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Wickid Pissa Publicity Founder Josh Mitchell -A Ten Minute Interview

Josh Mitchell is the founder of Wickid Pissa Publicity (photo credit: Wickid Pissa Publicity)

Say “wicked pissa” to a Bostonian, and they’ll know you are talking about the cream of the crop, as in “That movie was wicked pissa!” Los Angeles transplant Josh Mitchell paid homage to his Boston roots when naming his public relations company Wickid Pissa Publicity. Wanting to expand upon his love of entertainment, the writer/director/producer/actor founded Wicked Pissa Publicity, which is dedicated to entertainment and lifestyle public relations, in 2008. With clients including VH1, The Grammy Awards and Florida Travel & Tourism Bureau, Variety411’s newest listee is a full service public relations, marketing, branding and events firm.

On the launch of his first novel, “The Dude Who Did Dictionaries” Mitchell conducted the following “Ten Minute” interview to discuss his views on work, life and comedy. What follows are excerpts from that interview.

See Also: NYC Based Hot Snakes Media

Ten Minutes: What is the most rewarding aspect of your work with Wickid Pissa Publicity?

Josh Mitchell: The thing I love best about Wickid Pissa Publicity is the diversity of talent and companies I get to fraternize with on a daily basis. I specialize in elevating buzz, branding, and exposure for unique brands. So some days I am working with a young female actress, a TV producer, a new energy drink, a t-shirt line, a Kickstarter campaign – it runs the gamut and keeps everything fresh and exciting for me.

TM: Who are your biggest creative inspirations?

JM: The iconoclasts who have influenced me in no particular order are Henry Miller, Keith Haring, Eminem, Quentin Tarantino, and Steven Soderberg. I like artists who lift up the random rocks of the world and unveil a universe we would have never known existed if it hadn’t been for their inventiveness.

TM: What does a typical day look like for you?

JM: My typical day is me on my computer for way too many hours, client meetings, a gym visit, lunch on The Sunset Strip, and a screening of the latest indie film at night.

TM: What initially convinced you to move from Boston to Los Angeles? Was it difficult adjusting to life on the west coast?

JM: I left Boston and moved to LA because I knew you had to be in the belly of the beast to truly maximize your chances of success in the film and TV world. There is a reason why all the studios are in Hollywood and why all the movie stars live here. Because this is where the magic happens. I recently celebrated my three-year anniversary on the west coast and the things I miss most are my family, friends, lobster, and Fenway Park. You can watch my feature film Helen Keller Had A Pit Bull to truly learn about my transition and some of the shady characters I have had to endure in the process.

TM: What was your childhood like, and how did it shape who you are today? JM: My childhood was adventurous and enlightening. I became a bibliophile at 18 months: Curious George, The Ugly Duckling, Tropic of Cancer. I took my real first steps on my first birthday. “That’s one small step for Josh, one huge pain in the ass for the rest of the world.”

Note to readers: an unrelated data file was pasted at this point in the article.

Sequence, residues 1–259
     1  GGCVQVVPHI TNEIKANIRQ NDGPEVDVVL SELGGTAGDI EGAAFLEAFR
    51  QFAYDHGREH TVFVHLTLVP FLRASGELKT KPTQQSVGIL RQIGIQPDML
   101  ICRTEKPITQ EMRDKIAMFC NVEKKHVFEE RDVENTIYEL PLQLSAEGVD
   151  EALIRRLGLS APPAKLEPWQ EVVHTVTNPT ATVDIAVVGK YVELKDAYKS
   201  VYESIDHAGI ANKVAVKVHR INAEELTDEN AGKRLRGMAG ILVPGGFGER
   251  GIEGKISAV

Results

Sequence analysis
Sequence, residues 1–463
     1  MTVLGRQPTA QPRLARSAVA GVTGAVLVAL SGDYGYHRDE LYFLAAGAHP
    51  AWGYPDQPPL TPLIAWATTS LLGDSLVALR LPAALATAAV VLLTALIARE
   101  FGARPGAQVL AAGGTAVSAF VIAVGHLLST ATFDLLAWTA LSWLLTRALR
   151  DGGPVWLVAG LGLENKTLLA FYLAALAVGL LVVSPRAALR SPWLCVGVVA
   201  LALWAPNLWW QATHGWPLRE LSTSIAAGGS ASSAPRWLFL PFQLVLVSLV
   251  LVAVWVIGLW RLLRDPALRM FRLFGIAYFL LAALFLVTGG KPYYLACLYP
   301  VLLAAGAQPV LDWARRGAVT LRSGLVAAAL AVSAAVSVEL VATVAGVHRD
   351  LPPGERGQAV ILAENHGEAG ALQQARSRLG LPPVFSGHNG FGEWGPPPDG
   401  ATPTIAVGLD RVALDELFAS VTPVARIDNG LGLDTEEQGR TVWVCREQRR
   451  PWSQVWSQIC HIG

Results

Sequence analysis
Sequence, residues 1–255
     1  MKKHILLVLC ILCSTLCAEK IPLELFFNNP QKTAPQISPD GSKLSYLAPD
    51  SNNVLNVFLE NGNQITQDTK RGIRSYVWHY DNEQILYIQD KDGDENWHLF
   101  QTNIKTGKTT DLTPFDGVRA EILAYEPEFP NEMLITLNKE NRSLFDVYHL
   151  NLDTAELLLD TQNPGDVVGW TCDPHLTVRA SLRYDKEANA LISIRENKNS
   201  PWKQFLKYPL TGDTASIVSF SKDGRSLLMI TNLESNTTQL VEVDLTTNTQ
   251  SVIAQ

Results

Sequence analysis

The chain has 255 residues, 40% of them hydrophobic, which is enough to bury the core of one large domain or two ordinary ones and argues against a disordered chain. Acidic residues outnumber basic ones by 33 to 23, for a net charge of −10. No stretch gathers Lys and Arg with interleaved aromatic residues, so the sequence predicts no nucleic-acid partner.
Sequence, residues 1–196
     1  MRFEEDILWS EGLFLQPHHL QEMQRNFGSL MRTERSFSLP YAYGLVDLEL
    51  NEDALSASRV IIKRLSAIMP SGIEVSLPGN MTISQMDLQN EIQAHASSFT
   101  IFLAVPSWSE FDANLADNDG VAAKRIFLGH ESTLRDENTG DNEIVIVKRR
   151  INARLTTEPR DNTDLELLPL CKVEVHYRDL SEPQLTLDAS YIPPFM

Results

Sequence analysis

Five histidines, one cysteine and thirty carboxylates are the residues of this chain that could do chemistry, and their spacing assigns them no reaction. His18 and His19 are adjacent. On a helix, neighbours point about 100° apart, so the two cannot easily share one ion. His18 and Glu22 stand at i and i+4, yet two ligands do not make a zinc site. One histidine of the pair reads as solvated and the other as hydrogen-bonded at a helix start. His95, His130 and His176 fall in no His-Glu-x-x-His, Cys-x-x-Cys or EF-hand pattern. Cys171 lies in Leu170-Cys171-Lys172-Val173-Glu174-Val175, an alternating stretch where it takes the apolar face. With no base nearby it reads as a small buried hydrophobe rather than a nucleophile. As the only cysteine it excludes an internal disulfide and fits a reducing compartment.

TM: Your first novel, “The Dude Who Did Dictionaries,” follows Frank Flutie, a successful advertising copywriter who leaves his high paying job to embark on writing the world’s first “all-sexual dictionary.” The story observes life in our recession-addled world as we follow Frank’s downward spiral. How much of yourself is there in Frank Flutie?

JM: There’s a lot of me in Frank Flutie. I have a lot of spite for the corporate world and micromanaging, power-hungry bosses. I despise the 9-5 office job. I’d rather play leapfrog with a unicorn. Just like Frank, I was born in a historic, affluent town called Hingham. I based the company The Banker that Frank works at on my first job out of college in the financial district of Boston. I share some of his skeptical sentiments about marriage and women. I put a lot of myself in my novels and, if you know me on a personal level, the similarities will be transparent. The only real last fame is literary fame and I try to expunge all of my experiences into my characters so I can capture all of the chapters of my life.

TM: You are also a filmmaker and have been making both features and shorts for over fifteen years. What inspired the story ofyour latest film, Lack of Cockery, and what were the biggest challenges you faced during the making of that film?

JM: My latest feature film, Lack of Cockery, was inspired by the hustle of Hollywood. As a publicist, I work with a lot of emerging and fresh talent and a lot of them are so poor they can’t pay attention. It got me thinking about ambition and goals and how money cures a lot of problems in terms of stability. The story is my valentine to those who pound the pavement on a daily basis and will walk through hell in a gasoline suit to achieve their dreams.

TM: What are you working on next?

JM: I’m shooting a fun and endearing new short film called Vintage Vehicle this month and I have created a provocative new TV series called NoHo District, which I will be pitching to the networks. I am also gearing up for my tenth year in a row at the Sundance Film Festival in January.

TM: If a local deli named a sandwich after you, what would be on it?

JM: It would be called The Meatball Mitchell and it would be smothered in my nana’s homemade marinara sauce with piles of fresh provolone cheese.

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